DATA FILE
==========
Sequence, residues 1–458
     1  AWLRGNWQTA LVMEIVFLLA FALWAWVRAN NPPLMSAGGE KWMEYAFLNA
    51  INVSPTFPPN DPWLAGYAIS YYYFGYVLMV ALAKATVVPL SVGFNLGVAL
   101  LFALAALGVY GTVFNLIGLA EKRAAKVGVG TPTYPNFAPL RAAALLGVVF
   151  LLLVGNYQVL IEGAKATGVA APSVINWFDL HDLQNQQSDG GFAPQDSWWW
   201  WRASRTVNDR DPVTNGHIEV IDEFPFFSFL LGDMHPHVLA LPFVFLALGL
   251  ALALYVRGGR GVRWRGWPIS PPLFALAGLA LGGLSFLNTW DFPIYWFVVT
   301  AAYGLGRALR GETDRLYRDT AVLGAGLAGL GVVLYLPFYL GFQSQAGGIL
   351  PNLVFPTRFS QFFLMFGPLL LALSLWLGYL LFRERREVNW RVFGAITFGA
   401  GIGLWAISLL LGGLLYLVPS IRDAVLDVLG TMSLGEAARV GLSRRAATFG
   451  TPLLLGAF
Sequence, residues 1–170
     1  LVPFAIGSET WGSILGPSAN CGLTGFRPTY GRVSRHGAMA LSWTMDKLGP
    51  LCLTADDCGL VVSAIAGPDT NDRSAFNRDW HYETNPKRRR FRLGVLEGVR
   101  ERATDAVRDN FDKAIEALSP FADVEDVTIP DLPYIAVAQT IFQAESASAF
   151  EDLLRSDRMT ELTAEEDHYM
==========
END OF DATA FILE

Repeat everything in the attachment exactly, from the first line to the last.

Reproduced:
Sequence, residues 1–458
     1  AWLRGNWQTA LVMEIVFLLA FALWAWVRAN NPPLMSAGGE KWMEYAFLNA
    51  INVSPTFPPN DPWLAGYAIS YYYFGYVLMV ALAKATVVPL SVGFNLGVAL
   101  LFALAALGVY GTVFNLIGLA EKRAAKVGVG TPTYPNFAPL RAAALLGVVF
   151  LLLVGNYQVL IEGAKATGVA APSVINWFDL HDLQNQQSDG GFAPQDSWWW
   201  WRASRTVNDR DPVTNGHIEV IDEFPFFSFL LGDMHPHVLA LPFVFLALGL
   251  ALALYVRGGR GVRWRGWPIS PPLFALAGLA LGGLSFLNTW DFPIYWFVVT
   301  AAYGLGRALR GETDRLYRDT AVLGAGLAGL GVVLYLPFYL GFQSQAGGIL
   351  PNLVFPTRFS QFFLMFGPLL LALSLWLGYL LFRERREVNW RVFGAITFGA
   401  GIGLWAISLL LGGLLYLVPS IRDAVLDVLG TMSLGEAARV GLSRRAATFG
   451  TPLLLGAF
Sequence, residues 1–170
     1  LVPFAIGSET WGSILGPSAN CGLTGFRPTY GRVSRHGAMA LSWTMDKLGP
    51  LCLTADDCGL VVSAIAGPDT NDRSAFNRDW HYETNPKRRR FRLGVLEGVR
   101  ERATDAVRDN FDKAIEALSP FADVEDVTIP DLPYIAVAQT IFQAESASAF
   151  EDLLRSDRMT ELTAEEDHYM